In the last post, we discussed the major differences between the preferred and the commons stock. Preferred stock is more valuable than common stock as it grants certain rights and one of these is the conversion right.

A conversion right is the right to convert shares of preferred stock into shares of common stock. Please note that once converted, there is no option to reconvert back to preferred.

The rate or ratio at which this happens is the conversion rate or ratio. For example, a company has a conversion ratio of 2.5 for shares of preferred stock. This ratio tells us the price that the common stock needs to be trading at for the owner of the preferred stock to make money on the conversion. This price is called the conversion price, which is the purchase price of a preferred stock divided by the conversion ratio. In this case, the price would be $40. ($100/2.5)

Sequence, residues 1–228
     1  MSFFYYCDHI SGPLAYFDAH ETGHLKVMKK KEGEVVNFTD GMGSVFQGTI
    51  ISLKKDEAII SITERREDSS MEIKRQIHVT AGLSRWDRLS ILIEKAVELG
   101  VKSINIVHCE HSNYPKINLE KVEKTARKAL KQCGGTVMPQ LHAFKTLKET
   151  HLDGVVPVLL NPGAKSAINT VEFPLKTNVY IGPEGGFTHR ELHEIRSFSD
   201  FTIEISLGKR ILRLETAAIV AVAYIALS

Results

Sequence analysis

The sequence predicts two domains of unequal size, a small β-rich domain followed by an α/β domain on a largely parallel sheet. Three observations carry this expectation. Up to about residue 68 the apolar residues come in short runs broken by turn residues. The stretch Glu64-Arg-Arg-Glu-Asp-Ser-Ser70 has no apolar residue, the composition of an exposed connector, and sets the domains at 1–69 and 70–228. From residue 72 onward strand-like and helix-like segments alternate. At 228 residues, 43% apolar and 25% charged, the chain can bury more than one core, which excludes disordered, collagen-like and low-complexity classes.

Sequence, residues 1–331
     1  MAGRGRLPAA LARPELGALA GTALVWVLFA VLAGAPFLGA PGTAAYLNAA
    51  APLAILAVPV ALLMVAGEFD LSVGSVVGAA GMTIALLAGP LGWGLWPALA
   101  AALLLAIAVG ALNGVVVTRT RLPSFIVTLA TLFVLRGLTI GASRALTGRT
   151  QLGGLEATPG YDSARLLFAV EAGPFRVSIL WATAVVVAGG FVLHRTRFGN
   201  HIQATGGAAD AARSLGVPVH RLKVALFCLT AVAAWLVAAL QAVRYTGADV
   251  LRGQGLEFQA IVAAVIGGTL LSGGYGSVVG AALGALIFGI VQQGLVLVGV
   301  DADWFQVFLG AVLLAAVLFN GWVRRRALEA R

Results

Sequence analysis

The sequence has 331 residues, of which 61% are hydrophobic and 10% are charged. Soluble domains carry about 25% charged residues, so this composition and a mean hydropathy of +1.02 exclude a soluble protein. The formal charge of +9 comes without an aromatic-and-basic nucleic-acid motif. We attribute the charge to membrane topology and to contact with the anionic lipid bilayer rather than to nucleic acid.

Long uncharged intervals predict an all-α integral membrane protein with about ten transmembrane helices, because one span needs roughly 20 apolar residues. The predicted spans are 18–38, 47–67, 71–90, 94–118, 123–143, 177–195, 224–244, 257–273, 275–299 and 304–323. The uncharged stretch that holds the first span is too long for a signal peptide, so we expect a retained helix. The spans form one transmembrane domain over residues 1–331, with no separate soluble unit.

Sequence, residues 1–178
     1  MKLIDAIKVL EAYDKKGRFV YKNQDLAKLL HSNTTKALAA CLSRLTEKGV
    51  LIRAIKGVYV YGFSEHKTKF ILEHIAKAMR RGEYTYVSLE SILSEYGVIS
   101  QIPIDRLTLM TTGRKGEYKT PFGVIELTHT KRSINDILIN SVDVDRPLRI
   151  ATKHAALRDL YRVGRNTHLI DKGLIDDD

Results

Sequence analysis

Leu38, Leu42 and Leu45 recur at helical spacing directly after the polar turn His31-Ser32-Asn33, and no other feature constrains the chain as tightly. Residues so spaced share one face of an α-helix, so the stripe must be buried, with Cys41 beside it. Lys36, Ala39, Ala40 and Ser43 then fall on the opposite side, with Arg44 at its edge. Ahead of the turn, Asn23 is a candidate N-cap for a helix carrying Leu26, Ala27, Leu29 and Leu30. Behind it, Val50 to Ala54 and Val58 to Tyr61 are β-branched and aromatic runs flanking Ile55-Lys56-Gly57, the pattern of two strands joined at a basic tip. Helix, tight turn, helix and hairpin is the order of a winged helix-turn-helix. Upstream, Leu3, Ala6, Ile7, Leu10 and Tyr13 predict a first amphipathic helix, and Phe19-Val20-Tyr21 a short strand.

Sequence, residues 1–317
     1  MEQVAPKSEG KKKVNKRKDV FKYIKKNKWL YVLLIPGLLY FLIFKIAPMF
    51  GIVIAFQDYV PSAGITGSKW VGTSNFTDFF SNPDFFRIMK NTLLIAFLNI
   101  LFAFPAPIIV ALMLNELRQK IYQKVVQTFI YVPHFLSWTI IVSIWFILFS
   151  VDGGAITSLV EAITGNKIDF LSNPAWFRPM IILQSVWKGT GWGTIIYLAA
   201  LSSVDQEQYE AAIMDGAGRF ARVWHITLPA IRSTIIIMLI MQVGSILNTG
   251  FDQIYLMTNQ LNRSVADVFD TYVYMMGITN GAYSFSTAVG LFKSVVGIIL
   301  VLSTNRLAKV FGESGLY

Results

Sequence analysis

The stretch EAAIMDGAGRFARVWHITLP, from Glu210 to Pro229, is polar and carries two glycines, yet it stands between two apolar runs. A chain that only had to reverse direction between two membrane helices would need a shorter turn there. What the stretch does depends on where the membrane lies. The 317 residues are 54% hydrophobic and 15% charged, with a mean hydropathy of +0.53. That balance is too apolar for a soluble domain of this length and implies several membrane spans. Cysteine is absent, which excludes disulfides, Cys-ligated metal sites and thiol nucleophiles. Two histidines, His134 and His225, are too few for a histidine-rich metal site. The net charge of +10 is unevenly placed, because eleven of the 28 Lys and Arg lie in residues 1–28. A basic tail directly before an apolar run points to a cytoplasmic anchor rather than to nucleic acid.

There are two types of conversion rights: optional and mandatory. As the name suggests, the optional right is not compulsory to exercise. Optional conversion rights are typically non-negotiable. Mandatory conversion rights oblige the holder to convert her shares into shares of common stock at pre-defined events, such as an IPO. This happens automatically, that is why it is sometimes referred to as “automatic conversion”. It is very rare for a company to go public with different classes of stock (there are some cases like Google).

It is good to ensure that different investors do not have different conversion terms.